Scavengers flock to grab dismantled pieces of Byron Bay’s notorious 12-metre high ‘disco dong’ sculpture
- The ‘Disco-dong’ was removed a year after installation on NSW mid north coast
- Artwork was a 12-metre high silver conical structure that looked like a penis
- Since being removed there’s been a mad rush to get a piece of ‘Byron history’
There has been a mad rush to get a piece of infamous art which became controversial because it looked like giant silver penis.
The ‘disco-dong’ was dismantled 12 months after it was erected in Byron Bay’s main street after causing outrage in the community because of its likeness to a phallus.
But since being pulled down it’s become more popular than the entire time it was on display, with people lining up for hours to get a piece of history.
The ‘Disco-dong’ stands tall in all its glory being being dismantled by Byron Shire council in late 2019
The Byron Bay shire council paid $55,000 for the work by Melbourne artist Corey Thomas, reports ABC news.
The 12-metre high sculpture was made up of thousands of aluminum birds, designed to represent the Byron Bay lighthouse.
But when it was installed it was famously nicknamed the ‘disco-dong’ and ‘seaside shaft’ and was widely criticised across social media.
While the sculpture was widely criticised, it had a strong group of supporters as well.
During the campaign to have the sculpture removed fans from the ‘Byron Disco Dong Appreciation Society’ hung a sign off the artwork- saying ‘hands off our dong’.
The 12- metre high sculpture was made up of thousands of aluminum birds, designed to represent the Byron Bay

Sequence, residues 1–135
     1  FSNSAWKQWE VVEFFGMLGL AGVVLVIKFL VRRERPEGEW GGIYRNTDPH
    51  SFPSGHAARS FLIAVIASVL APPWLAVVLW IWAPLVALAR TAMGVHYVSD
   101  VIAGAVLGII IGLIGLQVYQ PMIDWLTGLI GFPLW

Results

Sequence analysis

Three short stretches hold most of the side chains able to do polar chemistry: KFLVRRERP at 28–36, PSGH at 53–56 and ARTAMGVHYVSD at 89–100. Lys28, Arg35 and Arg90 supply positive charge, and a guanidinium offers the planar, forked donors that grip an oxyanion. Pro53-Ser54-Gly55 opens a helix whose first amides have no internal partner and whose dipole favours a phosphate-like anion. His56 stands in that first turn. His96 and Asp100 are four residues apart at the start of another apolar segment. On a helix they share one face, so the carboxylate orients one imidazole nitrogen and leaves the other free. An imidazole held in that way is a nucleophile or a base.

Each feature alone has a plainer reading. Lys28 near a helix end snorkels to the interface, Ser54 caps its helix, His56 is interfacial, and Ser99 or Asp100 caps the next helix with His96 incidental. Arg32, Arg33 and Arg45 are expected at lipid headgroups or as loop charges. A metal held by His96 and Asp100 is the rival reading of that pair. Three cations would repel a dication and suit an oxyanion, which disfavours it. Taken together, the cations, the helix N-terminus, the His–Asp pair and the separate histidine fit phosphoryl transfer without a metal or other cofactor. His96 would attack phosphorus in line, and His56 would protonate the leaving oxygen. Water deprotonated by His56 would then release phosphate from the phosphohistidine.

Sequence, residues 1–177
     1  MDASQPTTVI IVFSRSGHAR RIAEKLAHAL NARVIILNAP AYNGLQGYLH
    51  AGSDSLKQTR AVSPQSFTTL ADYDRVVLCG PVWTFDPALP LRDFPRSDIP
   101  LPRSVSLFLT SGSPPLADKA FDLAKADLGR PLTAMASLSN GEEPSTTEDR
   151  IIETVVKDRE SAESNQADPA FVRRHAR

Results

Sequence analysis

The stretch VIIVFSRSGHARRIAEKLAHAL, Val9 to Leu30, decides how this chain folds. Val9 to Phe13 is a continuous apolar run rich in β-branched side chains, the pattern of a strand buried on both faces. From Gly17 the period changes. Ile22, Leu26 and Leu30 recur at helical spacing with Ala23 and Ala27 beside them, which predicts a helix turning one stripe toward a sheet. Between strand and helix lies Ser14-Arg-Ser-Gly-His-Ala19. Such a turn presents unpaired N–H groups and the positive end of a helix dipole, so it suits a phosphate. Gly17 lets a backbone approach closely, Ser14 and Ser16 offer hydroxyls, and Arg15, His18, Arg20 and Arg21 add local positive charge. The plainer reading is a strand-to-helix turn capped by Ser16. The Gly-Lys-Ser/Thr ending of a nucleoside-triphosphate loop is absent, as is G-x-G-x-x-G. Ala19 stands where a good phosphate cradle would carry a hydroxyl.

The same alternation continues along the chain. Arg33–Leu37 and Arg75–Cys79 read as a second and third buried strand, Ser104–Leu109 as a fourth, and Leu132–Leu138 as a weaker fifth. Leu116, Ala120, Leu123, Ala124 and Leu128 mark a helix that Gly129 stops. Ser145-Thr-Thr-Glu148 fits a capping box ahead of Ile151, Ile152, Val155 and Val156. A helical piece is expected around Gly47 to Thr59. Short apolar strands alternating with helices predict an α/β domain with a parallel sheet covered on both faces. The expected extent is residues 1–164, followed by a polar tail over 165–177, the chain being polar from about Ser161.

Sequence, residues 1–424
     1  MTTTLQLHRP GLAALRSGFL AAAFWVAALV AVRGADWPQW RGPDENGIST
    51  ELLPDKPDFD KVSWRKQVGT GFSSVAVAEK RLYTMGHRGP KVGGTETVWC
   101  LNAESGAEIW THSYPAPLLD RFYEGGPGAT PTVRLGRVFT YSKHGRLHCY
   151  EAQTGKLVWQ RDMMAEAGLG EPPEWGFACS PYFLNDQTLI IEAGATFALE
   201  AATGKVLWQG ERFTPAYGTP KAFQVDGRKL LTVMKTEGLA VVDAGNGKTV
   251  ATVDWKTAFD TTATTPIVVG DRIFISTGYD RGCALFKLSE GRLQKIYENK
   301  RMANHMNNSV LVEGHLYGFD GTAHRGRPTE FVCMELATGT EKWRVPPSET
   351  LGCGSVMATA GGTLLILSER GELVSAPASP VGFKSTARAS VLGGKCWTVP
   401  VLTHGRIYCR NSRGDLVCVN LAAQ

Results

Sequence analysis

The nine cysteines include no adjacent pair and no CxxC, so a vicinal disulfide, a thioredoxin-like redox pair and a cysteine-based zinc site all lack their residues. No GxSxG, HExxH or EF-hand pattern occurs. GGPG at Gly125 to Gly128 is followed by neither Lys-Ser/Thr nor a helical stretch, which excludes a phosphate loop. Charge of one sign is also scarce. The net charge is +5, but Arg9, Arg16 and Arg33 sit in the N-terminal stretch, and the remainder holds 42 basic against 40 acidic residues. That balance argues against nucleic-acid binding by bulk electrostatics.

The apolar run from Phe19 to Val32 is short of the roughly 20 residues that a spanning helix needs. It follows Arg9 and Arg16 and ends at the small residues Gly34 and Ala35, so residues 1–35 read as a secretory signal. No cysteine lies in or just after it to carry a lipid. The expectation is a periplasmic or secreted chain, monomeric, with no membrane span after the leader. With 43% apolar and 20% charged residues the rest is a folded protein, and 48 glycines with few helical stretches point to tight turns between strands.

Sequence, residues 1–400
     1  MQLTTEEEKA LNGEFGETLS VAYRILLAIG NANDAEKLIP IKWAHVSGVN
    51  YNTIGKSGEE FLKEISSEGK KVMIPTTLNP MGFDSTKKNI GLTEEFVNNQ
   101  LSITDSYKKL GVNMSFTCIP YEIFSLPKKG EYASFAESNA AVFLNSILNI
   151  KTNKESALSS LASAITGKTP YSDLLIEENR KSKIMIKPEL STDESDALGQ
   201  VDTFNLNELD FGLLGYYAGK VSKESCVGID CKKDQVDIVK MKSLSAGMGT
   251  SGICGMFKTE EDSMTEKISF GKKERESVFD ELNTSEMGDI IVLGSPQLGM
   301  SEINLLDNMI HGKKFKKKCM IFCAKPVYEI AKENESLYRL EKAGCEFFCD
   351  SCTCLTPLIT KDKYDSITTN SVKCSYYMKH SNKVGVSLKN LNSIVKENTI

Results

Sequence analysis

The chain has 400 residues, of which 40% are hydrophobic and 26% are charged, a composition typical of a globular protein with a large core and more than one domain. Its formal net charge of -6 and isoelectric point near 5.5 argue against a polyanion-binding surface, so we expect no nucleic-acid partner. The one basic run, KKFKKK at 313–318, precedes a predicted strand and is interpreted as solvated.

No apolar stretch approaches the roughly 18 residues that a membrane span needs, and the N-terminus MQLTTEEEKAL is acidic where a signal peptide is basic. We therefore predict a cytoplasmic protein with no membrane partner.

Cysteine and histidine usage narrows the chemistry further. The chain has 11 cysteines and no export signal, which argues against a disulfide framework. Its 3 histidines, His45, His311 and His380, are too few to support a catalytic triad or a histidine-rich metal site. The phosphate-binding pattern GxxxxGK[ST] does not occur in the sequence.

Pieces of the ‘Disco-dong’ sculpture adorn a Christmas tree
The sculpture was pulled down in September and the the thousands of silver birds were put up for sale by council before Christmas.
Each of the 3,500 birds were sold individually.
The sale was so successful, the $64,000 raised actually cost more than the council paid for the sculpture itself.
Fans lined up for hours to get their hands on a piece of the iconic sculpture when it went for auction.
One of those was Annie Briggs, who told ABC news she wanted to have her own part of the story.
‘I was interested because it was just a bit quirky and here was so much hoo-ha about the sculpture I thought it would be good to get a little bit of Byron history,’ she said.
The sculpture was dismantled and each of the 3,500 birds were sold individually
Another supporter – Richard Holloway -bought his own share of the sculpture and has repurposed it as piece of art in his backyard.
‘It’s just nice to have a little memorabilia and a reminder of what once was,’ he said.
He said the artwork’s placement was probably part of the reason it was so controversial.
‘I thought it was a very attractive work of art but just in the wrong location,’ he said
The sculpture has been given new life after thousands of the aluminum birds were pulled apart and sold individually